Above, Between, Below combines three exhibitions. The Above component has been shown with planetary scientist Ted Maxwell of the Smithsonian National Air and Space Museum’s Center for Earth and Planetary Studies and composer Mark Mercury of Los Angeles. The Between component highlights Fraser’s work with coastal geologist Orrin H. Pilkey, Duke University Professor Emeritus. Below displays Fraser’s newest art for Cindy Lee Van Dover, biological oceanographer and director of Duke Marine Lab, designed while aboard the Woods Hole Research Vessel Atlantis in 2012.

Individual batiks address ground-breaking science of planetary images and distant galaxies, earth geology and the deepest oceans. Fraser is honored by the time each esteemed colleague has contributed to her education, conveying their life’s work.

Fraser lives in Charleston, South Carolina and has a gallery at her James Island Creek studio. For more information, go to www.maryedna.com.

About the Collaborators


Our Galaxy, 114.5″x54.5,” batik on silk, 2013, by Mary Edna Fraser

Ted Maxwell

Planetary Scientist Emeritus at the Smithsonian National Air and Space Museum (NASM), Ted Maxwell, provides text as the viewer experiences silk galaxies and heavenly bodies of the Above section of this exhibition. Ted Maxwell contributed text for From Outer Banks to Outer Space: Silk Batiks exhibited at Emory University, 2004. His scientific knowledge of planetary geology and the cosmos was also essential to the exhibition Mapping the Planets in Silk and Sound, Flaten Museum, St. Olaf College, 2013. He has been a Principal Investigator in several NASA Research Programs and joined the staff in 1976. From 1982 through 1989, Maxwell was Chairman of the Museum’s Center for Earth and Planetary Studies, was Director of the Regional Planetary Image Facility located at NASM, and is a past Chairman of the Planetary Geology Division of the Geological Society of America. From 1989 until 1992, he was Discipline Scientist for NASA’s Planetary Geology and Geophysics Program. 1992 until 1996, he served as the Senior Advisor for Science at NASM, representing the Smithsonian Institution on scientific research in the US Global Change Research Program. Maxwell has continued his planetary research with more than fifty publications in the professional literature and numerous lectures.

Mark Mercury

The music for this exhibition is “On a Falling Planet,” composed by Mark Mercury and featuring an erhu (Chinese violin), played by Yunhe Liang, set against a backdrop of gentle electronic tones. Los Angeles-based composer Mark Mercury works with a blend of contemporary classical and futuristic electronic music, in which traditional orchestral timbres are fused with newly created, synthesized sounds. Noted for an inventive and dramatic style, Mercury’s composing has been heard around the globe. He has released three albums: “The Art of Space,” “Music of the Domes,” and “Music from Cycles of Spheres.” Also to his credit are soundtracks for film, television, animation, modern dance, ballet, and high-tech multimedia planetariums, including Francisco Martinez Dancetheatre’s “Orbital Dances,” “Ring World” for JPL/NASA, and the documentary “A Man Called God” for Pea Jays, Inc. Fraser began collaborating with Mark Mercury in 1999 producing “Cycle of Spheres” at the Old City Jail during Piccolo Spoleto 2001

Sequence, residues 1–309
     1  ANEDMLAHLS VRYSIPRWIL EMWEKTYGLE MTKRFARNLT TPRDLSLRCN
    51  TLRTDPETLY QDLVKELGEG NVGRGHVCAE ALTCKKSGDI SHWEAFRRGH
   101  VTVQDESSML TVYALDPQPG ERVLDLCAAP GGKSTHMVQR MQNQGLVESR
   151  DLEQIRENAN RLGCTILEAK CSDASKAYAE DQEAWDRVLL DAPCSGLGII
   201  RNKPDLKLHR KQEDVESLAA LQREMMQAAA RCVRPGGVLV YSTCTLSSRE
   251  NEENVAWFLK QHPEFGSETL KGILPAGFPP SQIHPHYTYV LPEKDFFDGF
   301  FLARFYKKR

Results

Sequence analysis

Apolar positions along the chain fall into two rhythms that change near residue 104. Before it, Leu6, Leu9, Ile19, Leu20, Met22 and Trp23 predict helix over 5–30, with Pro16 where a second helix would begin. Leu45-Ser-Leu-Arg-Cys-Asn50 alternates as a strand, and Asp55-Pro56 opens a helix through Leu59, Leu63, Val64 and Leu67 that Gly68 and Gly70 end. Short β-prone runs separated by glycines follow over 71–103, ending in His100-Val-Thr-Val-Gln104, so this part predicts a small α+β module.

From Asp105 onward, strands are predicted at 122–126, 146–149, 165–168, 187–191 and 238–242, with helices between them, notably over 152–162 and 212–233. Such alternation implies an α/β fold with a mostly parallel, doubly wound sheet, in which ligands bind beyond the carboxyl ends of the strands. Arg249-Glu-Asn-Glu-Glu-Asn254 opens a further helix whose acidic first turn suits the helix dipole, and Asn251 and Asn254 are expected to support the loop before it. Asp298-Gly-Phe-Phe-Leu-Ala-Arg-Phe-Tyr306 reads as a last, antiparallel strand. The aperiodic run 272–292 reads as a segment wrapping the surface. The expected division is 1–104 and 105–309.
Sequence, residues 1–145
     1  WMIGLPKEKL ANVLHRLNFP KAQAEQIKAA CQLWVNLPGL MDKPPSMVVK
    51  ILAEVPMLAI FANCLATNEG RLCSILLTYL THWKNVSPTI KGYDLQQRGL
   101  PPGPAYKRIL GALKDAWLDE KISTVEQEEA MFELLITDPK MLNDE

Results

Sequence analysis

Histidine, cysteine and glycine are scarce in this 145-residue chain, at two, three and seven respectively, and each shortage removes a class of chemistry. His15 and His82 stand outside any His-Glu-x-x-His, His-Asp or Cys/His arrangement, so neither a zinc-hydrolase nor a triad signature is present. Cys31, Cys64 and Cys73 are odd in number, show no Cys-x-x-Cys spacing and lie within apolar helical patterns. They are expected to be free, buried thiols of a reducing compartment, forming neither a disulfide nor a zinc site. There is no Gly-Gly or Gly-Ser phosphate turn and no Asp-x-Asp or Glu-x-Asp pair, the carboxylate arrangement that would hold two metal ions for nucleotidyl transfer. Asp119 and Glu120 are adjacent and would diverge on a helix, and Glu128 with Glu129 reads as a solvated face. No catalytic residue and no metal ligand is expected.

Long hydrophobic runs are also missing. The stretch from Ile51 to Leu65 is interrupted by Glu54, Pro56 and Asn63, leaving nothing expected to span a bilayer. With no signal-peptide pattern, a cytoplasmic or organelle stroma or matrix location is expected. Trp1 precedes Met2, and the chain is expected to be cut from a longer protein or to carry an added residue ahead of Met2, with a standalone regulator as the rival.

Charleston Airborne Flooded

Charleston Airborne Flooded (SC), 97″x35,” batik on silk, by Mary Edna Fraser

Orrin H. Pilkey

Orrin H. Pilkey is James B. Duke Professor Emeritus of Geology at the Nicholas School of the Environment at Duke University, and Founder and Director Emeritus of the Program for the Study of Developed Shorelines, now based at Western Carolina University. Mary Edna Fraser and Orrin H. Pilkey have collaborated on two critically acclaimed books, A Celebration of the World’s Barrier Islands (Columbia University Press, 2003), and Global Climate Change: A Primer (co-authored by Keith Pilkey, Duke University Press, 2011). Fraser and Pilkey have had over 50 exhibitions together since meeting in 1993. Pilkey first provided text for Aerial Inspirations: Silk Batiks by Mary Edna Fraser in 1994-95 at the Smithsonian National Air and Space Museum, Washington, DC, the museum’s first textile and one-woman exhibition. Pilkey has written and edited many books, including, most recently, The Last Beach (co-authored with J. Andrew G. Cooper), The World’s Beaches (co-authored with Joe Kelley, Bill Neal and Andrew Cooper), The Rising Sea (with Rob Young) and Useless Arithmetic (with Linda Pilkey-Jarvis). Pilkey is the recipient of numerous honors, including the Francis Shepard Medal for excellence in Marine Geology, the Priestley Award for distinguished contributions to research in Coastal Geology, a Lifetime Achievement Award from the North Carolina Coastal Federation, and the Outstanding Public Service Award from the Federal Emergency Management Agency. Mary Edna fondly calls Pilkey “Boss.”

Cindy Lee Van Dover

Cindy Lee Van Dover is a deep-sea biologist with an interest in ocean exploration and the ecology of chemosynthetic ecosystems. A Fulbright Scholar and Fellow of the American Association for the Advancement of Science, Van Dover is Director of the Duke Marine Laboratory in Beaufort, NC. On receiving her PhD in 1989, Van Dover joined the group that operates the deep-diving submersible ALVIN; she was the first female pilot in 1990 and pilot-in-command of 48 dives. As chief Scientist in NSF and NOAA sponsored field programs to deep-sea environments she is a sleuth of the unknown deep oceans that cover most of the planet. Her project, “Art & Science: Envisioning Ocean Depths” brought 6 artists to sea with 18 scientists on the Research Vessel Atlantis for an expedition that used the tethered Remotely Operated Vehicle JASON to explore mud volcanoes of the Barbados accretionary wedge. Mary Edna was one of the artists challenged to create work that captures the exhilaration of discovery. Through batik, watercolor, music, digital art, cartoon, and experimental video, artists on board created a portfolio that communicates the human experience of exploring the deep ocean. Van Dover met Fraser in 2001 at the artist’s studio and they were excited to work together. The video edited by Celie Dailey, Exploring Deep Sea Volcanoes off the Coast of Barbados: An Artist’s Perspective, is a documentary of their collaboration.